On implementing the ASP.NET Core 7 rate-limiting middleware

Today, my last self-assigned duty before the Christmas break was to migrate our in-house rate-limiting implementation (based on the AspNetCoreRateLimiting third-party package) to the new, shiny rate-limiting middleware introduced by ASP.NET Core 7. While the process was relatively straightforward, I stumbled upon a few quirks I want to annotate here. Our use case is simple. We use what the ASP.NET Core 7 documentation defines as a “fixed window limiter.” It uses a specified time window to limit requests. »

First impressions on JetBrains Rider 2022.3 update

Today I upgraded to JetBrains’ Rider 2022.3. Startup speed has been enhanced, and full .NET 7 and C# 11 support is included. So far, my favorite feature is the conversion of regular and verbatim strings into their raw counterparts (it’s often the small, simple things.) My second best is the fulls upport for WSL2 remote development. This one took a good while to come out of the trenches, but better late than never, I’d say. »

My Top 7 New Features in .NET 7

The other day we did a .NET 7 Spotlight event at this month’s DevRomagna meetup. The speakers were Ugo Lattanzi and me. In my session, I chose to talk about my top 7 new features in .NET 7 (pun intended.) What follows is a mix of my preparation notes and what I ended up really saying1. 1. Performance Since the initial release of “new dotnet” (.NET Core), performance has always been a critical goal for the . »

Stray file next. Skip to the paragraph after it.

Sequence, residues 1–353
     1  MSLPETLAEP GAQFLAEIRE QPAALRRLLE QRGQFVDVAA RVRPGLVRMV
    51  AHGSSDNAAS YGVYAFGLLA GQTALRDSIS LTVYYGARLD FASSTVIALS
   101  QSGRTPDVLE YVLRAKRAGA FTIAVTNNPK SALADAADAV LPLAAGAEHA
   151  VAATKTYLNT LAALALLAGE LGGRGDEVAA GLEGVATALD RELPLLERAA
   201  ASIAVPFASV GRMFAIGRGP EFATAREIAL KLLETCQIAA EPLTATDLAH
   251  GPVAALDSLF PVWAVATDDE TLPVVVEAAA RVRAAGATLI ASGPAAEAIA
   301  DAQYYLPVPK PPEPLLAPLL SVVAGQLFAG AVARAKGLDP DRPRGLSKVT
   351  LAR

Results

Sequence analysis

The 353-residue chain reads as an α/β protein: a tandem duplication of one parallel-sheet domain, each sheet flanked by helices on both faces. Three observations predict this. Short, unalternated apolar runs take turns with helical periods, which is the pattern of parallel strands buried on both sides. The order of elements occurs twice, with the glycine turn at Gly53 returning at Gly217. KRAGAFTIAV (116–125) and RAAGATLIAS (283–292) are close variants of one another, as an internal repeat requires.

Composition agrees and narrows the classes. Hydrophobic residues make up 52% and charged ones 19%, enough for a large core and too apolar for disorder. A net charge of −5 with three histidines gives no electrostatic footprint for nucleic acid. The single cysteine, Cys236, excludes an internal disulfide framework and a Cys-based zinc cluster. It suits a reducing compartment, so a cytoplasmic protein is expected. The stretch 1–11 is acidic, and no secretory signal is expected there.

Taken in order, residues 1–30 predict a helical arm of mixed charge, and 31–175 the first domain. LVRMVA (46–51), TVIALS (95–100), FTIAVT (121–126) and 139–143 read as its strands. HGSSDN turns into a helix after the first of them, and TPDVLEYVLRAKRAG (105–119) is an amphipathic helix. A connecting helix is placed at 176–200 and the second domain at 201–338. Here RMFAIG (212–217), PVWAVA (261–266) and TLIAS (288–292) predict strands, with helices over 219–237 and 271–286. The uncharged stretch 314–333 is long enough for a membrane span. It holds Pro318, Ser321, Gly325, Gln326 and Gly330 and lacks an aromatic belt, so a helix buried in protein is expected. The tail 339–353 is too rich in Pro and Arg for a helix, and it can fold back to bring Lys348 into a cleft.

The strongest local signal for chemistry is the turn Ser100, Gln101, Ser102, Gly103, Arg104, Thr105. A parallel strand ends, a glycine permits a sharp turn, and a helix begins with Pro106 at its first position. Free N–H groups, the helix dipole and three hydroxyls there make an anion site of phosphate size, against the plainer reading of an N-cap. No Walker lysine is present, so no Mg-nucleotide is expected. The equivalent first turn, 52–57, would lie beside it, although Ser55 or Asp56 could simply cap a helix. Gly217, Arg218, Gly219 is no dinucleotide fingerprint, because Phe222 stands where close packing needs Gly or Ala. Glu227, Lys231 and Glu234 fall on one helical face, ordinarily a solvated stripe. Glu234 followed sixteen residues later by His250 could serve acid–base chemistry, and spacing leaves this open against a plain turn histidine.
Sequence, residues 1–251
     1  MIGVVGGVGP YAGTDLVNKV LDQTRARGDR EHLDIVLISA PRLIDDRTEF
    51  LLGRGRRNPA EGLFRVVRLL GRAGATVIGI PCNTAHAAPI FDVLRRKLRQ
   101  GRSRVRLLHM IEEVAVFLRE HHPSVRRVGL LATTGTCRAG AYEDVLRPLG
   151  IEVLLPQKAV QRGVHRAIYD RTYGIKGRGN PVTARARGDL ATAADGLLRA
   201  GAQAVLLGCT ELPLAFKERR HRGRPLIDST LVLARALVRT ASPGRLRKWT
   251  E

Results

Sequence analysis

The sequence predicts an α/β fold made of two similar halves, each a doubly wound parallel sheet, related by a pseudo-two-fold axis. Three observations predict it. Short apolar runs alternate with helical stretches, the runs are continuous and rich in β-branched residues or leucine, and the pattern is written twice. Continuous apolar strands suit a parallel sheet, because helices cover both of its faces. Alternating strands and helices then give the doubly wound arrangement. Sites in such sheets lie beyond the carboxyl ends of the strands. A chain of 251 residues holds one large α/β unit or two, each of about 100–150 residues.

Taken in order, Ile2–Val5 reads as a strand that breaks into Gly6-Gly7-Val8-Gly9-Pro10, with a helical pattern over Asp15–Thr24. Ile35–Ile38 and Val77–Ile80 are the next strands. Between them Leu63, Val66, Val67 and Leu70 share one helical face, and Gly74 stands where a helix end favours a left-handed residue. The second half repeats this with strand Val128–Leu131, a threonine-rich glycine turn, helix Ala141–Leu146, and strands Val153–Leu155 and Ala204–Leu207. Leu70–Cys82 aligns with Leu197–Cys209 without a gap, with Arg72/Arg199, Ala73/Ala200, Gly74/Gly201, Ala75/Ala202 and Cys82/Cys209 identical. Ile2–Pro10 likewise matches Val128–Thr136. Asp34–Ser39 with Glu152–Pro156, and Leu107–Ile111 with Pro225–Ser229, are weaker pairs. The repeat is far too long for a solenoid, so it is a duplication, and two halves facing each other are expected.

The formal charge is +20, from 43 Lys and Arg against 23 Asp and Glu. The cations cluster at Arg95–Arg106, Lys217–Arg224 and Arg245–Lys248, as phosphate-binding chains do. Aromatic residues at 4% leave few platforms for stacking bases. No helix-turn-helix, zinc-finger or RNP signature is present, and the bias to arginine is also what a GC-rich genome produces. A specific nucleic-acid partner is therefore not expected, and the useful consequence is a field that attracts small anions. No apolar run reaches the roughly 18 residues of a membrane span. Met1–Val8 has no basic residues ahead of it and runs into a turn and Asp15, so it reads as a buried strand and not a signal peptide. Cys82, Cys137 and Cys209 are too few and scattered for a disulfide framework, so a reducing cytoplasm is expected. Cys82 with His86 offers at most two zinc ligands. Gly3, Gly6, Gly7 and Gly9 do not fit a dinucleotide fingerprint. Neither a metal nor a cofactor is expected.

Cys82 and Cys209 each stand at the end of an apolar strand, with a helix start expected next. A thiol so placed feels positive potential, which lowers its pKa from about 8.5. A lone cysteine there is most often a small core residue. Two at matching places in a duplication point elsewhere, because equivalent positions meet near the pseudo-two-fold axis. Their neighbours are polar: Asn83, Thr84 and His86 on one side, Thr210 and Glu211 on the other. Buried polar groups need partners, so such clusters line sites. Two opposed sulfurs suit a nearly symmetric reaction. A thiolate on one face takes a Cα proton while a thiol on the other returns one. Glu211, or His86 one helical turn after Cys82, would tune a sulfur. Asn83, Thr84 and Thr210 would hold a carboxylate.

FatturaElettronica v3.4 released

Today I released v3.4 of FatturaElettronica, a .NET open source project that allows validation and de/serialization of electronic invoices adhering to the standard defined by the Italian “Agenzia delle Entrate”. It’s doing very well for such a niche project, with downloads now well beyond the one hundred thousand mark. Be aware that this release anticipates support for v1.7.1 of the specification going into effect on October 1, 2022. For more information, see the appropriate ticket and the changelog. »

I'm a Microsoft MVP once again

I am happy and humbled to have been awarded the Microsoft MVP Award for the seventh consecutive year. July 1, the award assignation day, always comes with curiosity and a bit of trepidation. Being a member of the MVP community has been a very positive experience for me, especially in the years before COVID, when the MVP Summit, the main MVP event, was held in person in Seattle at the Microsoft HQ. »